Lava flows flowing down the slopes of Etna, seen on February 21, 2013. Image: Dr. Boris Behncke / Osservatorio Etneo. It was a busy, busy week for the folks at the Osservatorio Etneo. Etna ended up producing four separate fountaining events that culminated in a number of new lava flows (see above) issuing down the flanks of the volcano from new vents below the New Southeast Crater. As of Friday evening, the flows were still moving into the Valle del Bove from this new period of vigorous activity at Etna. These eruptions were also producing a healthy ash plume that was detected up to 30,000 feet / 9 km over the volcano, drifting out over the sea, along with small lahars as well, likely produced by the lava interacting with the snow on the volcano. You can see how robust the activity was in this video of the eruption -- strombolian explosions sent large lava fragments far from the main vent while the lava fountains themselves were likely well over 100 meters tall. The NASA Earth Observatoryposted an infrared image of the activity on February 20 from Etna and you can clearly see the extent of the lava flow field on the southeastern sides of the edifice (especially well-contrasted over snow). Dr. Boris Behncke posted a series of pictures (see below) this morning of some minor new activity from the summit craters as well -- making for an all-around astonishing week of volcanism on Sicily.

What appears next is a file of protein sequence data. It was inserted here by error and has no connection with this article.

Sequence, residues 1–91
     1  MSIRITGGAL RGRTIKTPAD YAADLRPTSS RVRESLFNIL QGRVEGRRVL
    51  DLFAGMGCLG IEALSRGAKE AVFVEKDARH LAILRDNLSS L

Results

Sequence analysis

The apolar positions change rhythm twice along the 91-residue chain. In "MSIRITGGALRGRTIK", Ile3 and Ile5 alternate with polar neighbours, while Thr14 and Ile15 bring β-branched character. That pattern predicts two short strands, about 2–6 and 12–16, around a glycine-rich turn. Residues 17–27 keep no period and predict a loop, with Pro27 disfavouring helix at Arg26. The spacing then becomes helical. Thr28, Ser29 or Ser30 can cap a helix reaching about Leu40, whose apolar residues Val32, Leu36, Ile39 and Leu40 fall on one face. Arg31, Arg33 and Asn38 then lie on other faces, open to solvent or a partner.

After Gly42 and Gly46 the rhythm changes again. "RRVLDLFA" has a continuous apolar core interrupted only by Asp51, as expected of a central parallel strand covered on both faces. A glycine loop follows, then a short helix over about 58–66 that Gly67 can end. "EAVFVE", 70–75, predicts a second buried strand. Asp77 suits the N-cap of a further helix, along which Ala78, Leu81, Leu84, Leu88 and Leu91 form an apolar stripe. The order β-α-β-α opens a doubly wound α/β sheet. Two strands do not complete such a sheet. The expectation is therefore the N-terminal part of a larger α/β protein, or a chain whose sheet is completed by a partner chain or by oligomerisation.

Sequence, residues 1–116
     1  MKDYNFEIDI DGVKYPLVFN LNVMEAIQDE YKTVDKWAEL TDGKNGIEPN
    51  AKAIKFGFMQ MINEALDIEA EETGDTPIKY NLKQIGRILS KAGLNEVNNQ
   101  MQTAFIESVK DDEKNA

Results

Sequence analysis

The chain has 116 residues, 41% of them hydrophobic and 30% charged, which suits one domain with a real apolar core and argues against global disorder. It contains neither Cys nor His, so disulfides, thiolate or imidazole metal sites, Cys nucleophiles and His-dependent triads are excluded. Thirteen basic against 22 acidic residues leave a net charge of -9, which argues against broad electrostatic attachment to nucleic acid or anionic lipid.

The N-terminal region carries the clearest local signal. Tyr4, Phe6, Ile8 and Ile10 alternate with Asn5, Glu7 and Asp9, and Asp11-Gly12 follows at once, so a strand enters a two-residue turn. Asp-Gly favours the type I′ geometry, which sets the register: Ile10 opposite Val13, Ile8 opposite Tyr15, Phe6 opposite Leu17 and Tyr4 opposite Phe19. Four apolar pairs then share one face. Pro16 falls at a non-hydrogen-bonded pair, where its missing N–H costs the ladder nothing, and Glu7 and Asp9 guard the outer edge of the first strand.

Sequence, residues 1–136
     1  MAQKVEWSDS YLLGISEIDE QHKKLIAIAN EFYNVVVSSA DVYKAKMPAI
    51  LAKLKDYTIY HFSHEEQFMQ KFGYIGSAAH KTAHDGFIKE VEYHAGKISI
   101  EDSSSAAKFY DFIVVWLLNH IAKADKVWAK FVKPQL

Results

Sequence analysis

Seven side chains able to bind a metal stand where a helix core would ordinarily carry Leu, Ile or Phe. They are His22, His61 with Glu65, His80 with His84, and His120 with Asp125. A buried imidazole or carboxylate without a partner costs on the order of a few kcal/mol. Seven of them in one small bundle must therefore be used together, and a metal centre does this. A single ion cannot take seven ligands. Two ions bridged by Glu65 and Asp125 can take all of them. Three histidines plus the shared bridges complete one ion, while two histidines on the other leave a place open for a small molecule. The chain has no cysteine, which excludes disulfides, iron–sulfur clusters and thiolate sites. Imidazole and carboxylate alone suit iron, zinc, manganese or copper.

Puffs from a small explosive at the summit Bocca Nuova crater on Etna seen on February 21, 2013. Much of the activity of the last week was from the new Southeast Crater area, so this activity was unexpected. Image: Dr. Boris Behncke / Osservatorio Etneo. After this week's noise, you never know what Etna might do next -- so keep an eye on all the webcams.